By the way the issue is 80 pages, with covers, and it sold for 75 cents. it really is much closer to New Times than the slick mag it is today.

Matching Rolling Stone covers: one from the U.S. and the other from Argentina

"Eve!" he called and I sat with him as he ordered round after round of tequila. I think it must have been Gram who introduced Sauza Commemerativa {sic?) into rock & roll because Gram always knew quality when it came to f**king yourself up."
—Eve Babitz,  who comes off as major groupie-ish, in part of the obit commentary

Wednesday, July 30, 2014

Getting to The Truth About Jack Slade

July 30, 2014
   I am often asked how we can find the truth when there is so much bad history in print and especially online. Well, here is a perfect example of exactly how we strive to ferret out the truth.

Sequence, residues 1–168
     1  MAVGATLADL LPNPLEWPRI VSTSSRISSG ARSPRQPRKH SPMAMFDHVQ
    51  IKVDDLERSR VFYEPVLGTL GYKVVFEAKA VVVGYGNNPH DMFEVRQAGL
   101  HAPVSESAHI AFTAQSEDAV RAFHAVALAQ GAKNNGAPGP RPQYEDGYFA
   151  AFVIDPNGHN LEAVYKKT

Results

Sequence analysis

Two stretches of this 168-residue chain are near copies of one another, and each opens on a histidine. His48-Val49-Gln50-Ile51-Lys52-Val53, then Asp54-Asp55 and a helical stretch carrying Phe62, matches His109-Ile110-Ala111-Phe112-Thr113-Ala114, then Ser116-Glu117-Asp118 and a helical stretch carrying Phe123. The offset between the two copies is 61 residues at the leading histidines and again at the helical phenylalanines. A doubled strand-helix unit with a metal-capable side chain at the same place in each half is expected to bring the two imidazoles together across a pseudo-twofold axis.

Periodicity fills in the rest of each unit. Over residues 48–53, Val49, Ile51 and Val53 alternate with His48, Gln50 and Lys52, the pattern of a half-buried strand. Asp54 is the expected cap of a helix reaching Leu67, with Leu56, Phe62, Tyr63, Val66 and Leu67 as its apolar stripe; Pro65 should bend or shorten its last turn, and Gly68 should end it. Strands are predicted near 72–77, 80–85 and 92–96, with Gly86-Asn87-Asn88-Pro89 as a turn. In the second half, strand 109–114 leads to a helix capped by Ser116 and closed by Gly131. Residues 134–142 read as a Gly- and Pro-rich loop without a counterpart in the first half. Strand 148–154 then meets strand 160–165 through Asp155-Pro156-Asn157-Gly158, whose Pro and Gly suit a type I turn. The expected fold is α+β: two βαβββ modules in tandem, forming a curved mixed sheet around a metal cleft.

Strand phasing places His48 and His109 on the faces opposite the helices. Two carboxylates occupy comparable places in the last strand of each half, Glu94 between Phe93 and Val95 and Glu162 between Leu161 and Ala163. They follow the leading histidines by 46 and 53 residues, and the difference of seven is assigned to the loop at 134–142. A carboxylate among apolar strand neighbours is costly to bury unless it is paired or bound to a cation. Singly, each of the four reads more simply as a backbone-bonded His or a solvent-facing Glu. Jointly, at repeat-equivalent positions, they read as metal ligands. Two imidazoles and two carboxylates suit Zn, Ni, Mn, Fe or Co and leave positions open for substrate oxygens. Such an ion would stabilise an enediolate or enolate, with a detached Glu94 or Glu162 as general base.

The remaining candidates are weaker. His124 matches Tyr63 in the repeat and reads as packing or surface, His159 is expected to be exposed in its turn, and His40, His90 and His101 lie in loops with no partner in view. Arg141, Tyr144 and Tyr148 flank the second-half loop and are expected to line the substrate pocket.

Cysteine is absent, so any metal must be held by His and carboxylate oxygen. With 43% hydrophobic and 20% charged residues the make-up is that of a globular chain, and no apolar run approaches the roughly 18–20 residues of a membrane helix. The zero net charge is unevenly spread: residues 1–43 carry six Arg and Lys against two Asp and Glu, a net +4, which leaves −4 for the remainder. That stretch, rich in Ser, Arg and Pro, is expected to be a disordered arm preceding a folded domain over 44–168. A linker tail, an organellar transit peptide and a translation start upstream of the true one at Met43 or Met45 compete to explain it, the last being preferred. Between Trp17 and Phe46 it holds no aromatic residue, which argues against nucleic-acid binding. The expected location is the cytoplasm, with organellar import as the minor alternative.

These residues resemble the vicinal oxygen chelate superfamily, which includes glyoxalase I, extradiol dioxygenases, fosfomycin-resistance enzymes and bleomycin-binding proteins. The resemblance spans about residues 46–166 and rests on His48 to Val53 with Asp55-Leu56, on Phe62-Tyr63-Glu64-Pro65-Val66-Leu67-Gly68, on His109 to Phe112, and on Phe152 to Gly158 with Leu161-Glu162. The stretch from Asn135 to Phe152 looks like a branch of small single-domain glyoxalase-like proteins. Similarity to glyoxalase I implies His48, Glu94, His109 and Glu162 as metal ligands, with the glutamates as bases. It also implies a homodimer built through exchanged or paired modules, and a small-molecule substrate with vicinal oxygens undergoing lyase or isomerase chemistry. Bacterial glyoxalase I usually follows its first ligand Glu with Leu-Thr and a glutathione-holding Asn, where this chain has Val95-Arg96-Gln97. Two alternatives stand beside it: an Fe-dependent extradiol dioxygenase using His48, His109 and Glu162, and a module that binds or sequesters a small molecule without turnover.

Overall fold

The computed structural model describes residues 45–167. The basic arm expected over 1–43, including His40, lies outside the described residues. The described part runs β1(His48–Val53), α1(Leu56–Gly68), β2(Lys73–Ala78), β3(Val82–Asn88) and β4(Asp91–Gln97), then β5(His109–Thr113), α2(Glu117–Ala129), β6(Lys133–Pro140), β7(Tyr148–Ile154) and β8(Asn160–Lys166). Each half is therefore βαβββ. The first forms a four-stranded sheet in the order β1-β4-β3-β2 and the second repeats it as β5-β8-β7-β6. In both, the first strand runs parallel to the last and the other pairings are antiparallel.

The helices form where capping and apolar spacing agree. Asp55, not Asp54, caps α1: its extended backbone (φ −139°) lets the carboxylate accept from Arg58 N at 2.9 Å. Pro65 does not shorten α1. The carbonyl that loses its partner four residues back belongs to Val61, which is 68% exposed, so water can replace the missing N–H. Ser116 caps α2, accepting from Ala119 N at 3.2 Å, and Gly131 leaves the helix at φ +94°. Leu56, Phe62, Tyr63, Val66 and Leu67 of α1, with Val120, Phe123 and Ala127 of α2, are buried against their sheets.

I wanted to do a Classic Gunfight in our October Art Issue that somehow connected to a Western artist, preferably Charlie Russell. As I went through my extensive Charlie Russell book collection I came across a pen and ink illustration Russell did of Jack Slade shooting Jules Reni (also styled as Beni). I knew a little bit about Slade from my research for Bad Men (1999), but it had been awhile and my take on the shooting was a bit hazy. So my first query was to Marshall Trimble and Mark Boardman, asking them who they think is the best resource on the truth about Jack Slade. Here is Mark's reply:

   Try Death of a Gunfighter: The Search for Jack Slade by Dan Rottenberg
—Mark Boardman

   An hour later, Marshall chimed in with the same book and the same author. Now we had to track Mr. Rottenberg down. And with Google, it wasn't that hard. I sent my rough draft of the gunfight and a sidebar on Slade's most famous kill—Jules Reni.

   Based on the research in house and online (yes, Wikipedia was one of the sources) a problem emerged: